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Tuck: Orlando Magic Get Channing Frye(d)
Posted By Mike Tuck On July 8, 2014 @ 2:29 PM In 1080 Sports,Florida News,Insider Main,main feature,NBA,NBA - Orlando Magic,TO - Mike Tuck Column,TO - Tuck and O'Neill main | 1 Comment
The Orlando Magic have given a 31 year old big man who doesn’t rebound or defend a 4 year deal worth $32 million. Channing Frye sat out all of the 2012 season with a heart condition and has career averages of 9.9 points and 5.2 rebounds. His career  earnings to this point has been just over $35 million so Orlando is giving him nearly a 33% raise on his last contract coming off an 11-5 season.
Compared to the Ben Gordon deal, Frye is a steal. That is setting the bar awfully low though. Of course, the Magic can get rid of Gordon after just one year too.
To be fair, here is what is okay about the Frye deal.
1. He can shoot. A career 39% 3-point shooter.
2. The NBA salary cap is increasing, and players salaries will rise with it.
3. He is older, but shooting tends to hang on in spite of age, and he doesn’t need speed or movement to get off his shot. He relies on others for that.
4. He can play center or power forward depending on the lineup and matchups.
5. Orlando has to get to the minimum salary somehow, and Frye’s deal, while not favorable, is still average enough to be a tradeable asset down the road.
That is the positive spin and will be a lot of what you read and hear.
As I stated in the beginning though, I think the Magic got Fryed in free agency with this one.
1. What is the point of signing a 31-year old big man who can’t defend and sticking him next to another big-man who can’t defend the rim either? Is that the long-term plan? The Magic will have to pay Vucevic next year if they intend to keep him. Marcin Gortat just got a 5 year-$60 million deal keep in mind. Roy Hibbert got a 4 year-$58 million deal 2 seasons ago. In other words, he won’t come cheap.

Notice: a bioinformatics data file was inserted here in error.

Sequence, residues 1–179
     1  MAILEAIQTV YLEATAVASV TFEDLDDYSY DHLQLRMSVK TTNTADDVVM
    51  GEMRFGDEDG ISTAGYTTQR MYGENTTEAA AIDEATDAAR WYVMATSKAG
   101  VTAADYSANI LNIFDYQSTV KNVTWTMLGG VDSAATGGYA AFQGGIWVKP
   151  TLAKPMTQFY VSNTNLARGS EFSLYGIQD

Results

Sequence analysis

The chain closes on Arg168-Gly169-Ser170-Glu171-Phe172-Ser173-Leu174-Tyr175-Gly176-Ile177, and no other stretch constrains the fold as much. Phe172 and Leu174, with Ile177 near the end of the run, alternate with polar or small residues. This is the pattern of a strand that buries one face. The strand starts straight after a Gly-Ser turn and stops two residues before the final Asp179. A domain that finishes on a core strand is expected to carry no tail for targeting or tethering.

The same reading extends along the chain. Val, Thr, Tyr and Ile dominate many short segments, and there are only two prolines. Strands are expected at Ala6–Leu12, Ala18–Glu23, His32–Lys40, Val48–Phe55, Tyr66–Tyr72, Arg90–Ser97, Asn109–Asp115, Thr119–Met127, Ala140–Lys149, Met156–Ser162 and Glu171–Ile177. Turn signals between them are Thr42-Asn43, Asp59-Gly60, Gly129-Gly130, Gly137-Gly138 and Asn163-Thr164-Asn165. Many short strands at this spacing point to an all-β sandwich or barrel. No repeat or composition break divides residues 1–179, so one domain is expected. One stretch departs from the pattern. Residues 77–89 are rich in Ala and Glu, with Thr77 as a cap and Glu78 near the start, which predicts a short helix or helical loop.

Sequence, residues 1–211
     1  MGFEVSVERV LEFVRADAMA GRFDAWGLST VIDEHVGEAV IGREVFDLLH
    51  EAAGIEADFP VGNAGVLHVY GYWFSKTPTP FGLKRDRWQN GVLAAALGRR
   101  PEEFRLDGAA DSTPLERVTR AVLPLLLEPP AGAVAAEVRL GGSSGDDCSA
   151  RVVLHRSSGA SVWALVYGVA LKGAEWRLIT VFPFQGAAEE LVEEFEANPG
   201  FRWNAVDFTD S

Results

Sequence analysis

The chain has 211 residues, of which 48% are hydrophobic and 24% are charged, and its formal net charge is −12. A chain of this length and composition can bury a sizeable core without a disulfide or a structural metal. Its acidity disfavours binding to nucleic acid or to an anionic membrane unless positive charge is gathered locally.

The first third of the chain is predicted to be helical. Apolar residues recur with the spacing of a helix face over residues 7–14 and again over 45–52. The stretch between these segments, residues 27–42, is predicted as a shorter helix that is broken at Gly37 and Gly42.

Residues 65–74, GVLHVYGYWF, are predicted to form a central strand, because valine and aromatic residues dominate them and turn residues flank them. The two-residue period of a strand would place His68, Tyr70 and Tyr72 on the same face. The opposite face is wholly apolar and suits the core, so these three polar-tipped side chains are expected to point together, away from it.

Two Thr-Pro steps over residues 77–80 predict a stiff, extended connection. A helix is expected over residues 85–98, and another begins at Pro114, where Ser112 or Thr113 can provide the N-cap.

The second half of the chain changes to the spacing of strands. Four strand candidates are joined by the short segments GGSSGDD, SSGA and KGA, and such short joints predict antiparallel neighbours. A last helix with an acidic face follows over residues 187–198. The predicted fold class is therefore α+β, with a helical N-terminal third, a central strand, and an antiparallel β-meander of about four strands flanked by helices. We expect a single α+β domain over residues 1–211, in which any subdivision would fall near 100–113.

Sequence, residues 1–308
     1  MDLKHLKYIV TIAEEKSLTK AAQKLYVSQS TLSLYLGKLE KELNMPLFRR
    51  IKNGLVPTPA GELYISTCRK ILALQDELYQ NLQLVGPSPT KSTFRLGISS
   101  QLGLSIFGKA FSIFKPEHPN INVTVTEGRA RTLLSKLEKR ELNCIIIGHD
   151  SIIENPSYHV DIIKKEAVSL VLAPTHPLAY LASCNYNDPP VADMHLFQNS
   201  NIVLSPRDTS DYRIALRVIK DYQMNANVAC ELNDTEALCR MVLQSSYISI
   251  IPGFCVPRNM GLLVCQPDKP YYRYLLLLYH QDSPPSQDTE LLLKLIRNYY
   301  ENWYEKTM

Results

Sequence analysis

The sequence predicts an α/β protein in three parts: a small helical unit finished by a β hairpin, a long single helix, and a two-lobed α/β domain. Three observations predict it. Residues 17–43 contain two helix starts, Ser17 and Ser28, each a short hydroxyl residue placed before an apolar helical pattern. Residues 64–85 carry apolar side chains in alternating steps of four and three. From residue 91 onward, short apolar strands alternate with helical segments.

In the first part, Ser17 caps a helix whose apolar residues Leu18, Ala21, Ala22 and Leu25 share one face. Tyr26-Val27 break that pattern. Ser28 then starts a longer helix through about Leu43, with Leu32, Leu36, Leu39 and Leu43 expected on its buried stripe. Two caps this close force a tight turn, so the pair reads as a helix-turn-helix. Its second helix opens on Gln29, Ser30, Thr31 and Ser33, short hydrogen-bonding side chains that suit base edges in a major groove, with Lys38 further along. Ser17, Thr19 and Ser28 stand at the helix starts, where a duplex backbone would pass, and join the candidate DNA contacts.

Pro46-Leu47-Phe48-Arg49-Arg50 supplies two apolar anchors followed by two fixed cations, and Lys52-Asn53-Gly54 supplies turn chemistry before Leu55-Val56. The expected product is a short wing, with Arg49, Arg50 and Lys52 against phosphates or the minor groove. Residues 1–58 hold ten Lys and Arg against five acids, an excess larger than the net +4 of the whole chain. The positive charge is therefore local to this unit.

2. 4-year deal for Frye. That put hims in the long-term plan. A 2-year deal for more money would have made more sense than this. I don’t think rebuilding teams can give long-term deals to players who aren’t young and locked into the core.
3. Getting $10 million a year makes you one of the top 50 paid players in the NBA. Frye is getting $8 million per year. Again, reminder he’s never made more than the $6.4 he did last season.
4. What does this mean for Tobias Harris? Andrew Nicholson appears good as gone now. And do any of the 3 make sense as a title contending front line next to Vucevic?
5. If the Magic are intent on making Aaron Gordon a small forward, then the answer at the 4 is above. If Gordon is the answer at PF, or even Harris is then the Magic are making Frye an expensive 6th man at $8 million per year. Keep in mind Jamal Crawford, a 2-time 6th man of the year, is coming off a season where he scored 18.6 ppg for the Clippers while making $5.45 million.
6. Frye isn’t going to get better. There is no upside here, and you made him the highest paid player on the team and gave him 1/8 of the cap. Chances are he won’t be one of your best 5 players in 2 years.
7. Overpaying for a specialist like Channing Frye is something a contender should have done, if it was to be done. Not sure how this makes sense for a team that could struggle to win 30 games next season coming off of 20 and 23 win seasons.
I just don’t get the big picture plan. Even if Elfrid Payton becomes Gary Payton and Victor Oladipo becomes James Harden and Aaron Gordon becomes Shawn Marion I’m having a hard time comprehending the money they’ve spent on Frye and Gordon while wisking away Afflalo and Nelson. Why clog up your future cap when you’ll have to pay your core and you’ll be attempting to attract free agents to a potential winner?
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